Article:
When the financial crisis hit, every bank in the world took some share of the punishment. Still, some came out smelling better than others. Unlike many U.S. banks, which were leveraged up to their eyeballs and forced to accept federal bailouts, Canadian banks didn’t have near the exposure of say a Bank of America or a Citigroup.
Ironically, the economic crisis actually provided opportunities for Canadian banks, particularly RBC, which has been rapidly expanding its investment bank in the U.S. The Financial Times took a comprehensive look at the bank’s recent success and growth plans.
Through three quarters, RBC’s investment bank has earned more than $850 million in fees in the U.S. alone, more than tripling its pre-recession output and its overall market share. That eclipses the fees RBC generated at home in Canada.
How’d they do it? Aggressive hiring, for one. The Canadian firm has brought on 19 managing directors within its investment bank during the first half of the year while losing only five, according to the report. At U.S. competitors, those numbers are likely flipped.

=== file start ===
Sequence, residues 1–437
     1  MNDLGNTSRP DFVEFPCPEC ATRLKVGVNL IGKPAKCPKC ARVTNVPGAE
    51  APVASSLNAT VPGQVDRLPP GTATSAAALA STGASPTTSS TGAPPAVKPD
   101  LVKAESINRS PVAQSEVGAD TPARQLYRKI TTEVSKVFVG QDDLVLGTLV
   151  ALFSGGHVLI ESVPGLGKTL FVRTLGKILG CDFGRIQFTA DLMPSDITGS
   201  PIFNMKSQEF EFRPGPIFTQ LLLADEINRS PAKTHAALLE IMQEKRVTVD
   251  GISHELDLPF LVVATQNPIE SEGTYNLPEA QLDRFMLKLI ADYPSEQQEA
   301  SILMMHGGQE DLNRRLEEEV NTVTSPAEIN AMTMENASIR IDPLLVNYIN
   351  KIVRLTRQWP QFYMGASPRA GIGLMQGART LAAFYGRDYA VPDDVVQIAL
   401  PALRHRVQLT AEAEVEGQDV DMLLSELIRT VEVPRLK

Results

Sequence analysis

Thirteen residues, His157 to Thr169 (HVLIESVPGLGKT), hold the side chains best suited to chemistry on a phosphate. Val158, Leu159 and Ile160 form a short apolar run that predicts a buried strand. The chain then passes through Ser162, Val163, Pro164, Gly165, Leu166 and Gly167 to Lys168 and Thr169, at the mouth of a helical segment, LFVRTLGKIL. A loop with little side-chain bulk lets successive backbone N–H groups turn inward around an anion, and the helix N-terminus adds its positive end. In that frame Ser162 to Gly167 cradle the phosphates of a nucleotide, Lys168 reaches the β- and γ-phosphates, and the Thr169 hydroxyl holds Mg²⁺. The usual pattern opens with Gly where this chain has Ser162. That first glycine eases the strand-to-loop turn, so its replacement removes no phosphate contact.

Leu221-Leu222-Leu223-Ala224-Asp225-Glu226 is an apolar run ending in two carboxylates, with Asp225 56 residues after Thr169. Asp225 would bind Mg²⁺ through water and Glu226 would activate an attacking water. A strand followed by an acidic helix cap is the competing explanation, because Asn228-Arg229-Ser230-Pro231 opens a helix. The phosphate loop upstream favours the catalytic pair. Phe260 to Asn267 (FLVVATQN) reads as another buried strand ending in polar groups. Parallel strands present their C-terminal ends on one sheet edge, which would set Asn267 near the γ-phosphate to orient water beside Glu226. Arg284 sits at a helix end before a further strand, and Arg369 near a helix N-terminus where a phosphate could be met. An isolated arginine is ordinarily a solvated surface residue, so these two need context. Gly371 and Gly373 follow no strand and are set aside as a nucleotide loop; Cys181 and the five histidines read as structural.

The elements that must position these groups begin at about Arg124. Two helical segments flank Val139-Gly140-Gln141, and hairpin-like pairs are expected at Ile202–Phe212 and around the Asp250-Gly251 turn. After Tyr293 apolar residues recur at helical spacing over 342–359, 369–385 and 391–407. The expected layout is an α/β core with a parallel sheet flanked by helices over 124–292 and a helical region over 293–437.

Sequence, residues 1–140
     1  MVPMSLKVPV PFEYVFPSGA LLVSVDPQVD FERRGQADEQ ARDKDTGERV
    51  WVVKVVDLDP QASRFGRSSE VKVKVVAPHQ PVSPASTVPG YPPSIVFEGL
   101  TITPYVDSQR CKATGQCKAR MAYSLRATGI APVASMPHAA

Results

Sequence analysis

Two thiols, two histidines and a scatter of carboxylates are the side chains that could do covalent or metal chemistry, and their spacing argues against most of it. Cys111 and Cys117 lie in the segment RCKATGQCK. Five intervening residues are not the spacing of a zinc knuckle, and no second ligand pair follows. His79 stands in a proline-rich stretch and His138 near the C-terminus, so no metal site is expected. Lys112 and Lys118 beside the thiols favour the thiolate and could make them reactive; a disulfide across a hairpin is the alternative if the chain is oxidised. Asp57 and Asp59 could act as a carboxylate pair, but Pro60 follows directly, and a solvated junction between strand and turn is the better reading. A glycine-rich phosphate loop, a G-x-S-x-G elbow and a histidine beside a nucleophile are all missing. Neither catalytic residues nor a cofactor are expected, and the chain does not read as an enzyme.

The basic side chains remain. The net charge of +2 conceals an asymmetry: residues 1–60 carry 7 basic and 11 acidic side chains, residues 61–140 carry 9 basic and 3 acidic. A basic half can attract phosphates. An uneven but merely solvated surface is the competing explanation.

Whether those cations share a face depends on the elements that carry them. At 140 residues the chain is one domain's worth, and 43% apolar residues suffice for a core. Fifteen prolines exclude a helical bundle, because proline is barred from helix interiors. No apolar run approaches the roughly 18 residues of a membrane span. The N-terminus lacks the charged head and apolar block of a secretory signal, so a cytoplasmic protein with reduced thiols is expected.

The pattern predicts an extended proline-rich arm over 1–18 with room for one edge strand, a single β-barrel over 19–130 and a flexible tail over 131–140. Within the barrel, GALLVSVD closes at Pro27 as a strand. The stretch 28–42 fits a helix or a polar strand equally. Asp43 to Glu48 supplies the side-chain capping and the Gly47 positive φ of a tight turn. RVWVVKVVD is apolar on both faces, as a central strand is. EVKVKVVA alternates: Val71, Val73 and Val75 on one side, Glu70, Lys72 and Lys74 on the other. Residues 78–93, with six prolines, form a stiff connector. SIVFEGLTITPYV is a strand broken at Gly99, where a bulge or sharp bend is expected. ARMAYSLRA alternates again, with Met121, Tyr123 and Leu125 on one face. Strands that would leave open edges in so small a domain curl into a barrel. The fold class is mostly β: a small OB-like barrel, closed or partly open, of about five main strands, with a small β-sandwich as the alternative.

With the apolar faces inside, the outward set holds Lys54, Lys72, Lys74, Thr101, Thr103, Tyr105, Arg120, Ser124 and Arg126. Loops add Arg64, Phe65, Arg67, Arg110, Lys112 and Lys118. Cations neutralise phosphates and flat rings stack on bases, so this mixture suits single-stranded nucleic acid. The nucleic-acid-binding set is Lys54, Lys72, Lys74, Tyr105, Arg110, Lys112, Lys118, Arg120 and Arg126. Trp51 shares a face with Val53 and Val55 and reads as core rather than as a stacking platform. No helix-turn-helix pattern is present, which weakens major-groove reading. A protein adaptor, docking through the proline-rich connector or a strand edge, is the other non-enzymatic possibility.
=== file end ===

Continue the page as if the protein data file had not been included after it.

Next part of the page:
The other good news for job seekers is that, unlike some other banks, RBC isn’t a fan of poaching full M&A teams from competitors. Rather, they prefer to make individual hires in an effort to keep their culture intact.
And it’s not just hiring in the U.S. RBC has been equally active in Europe so far this year. It’s been hiring equity research and M&A professionals as well as selectively bringing on fixed income sales and trading execs.
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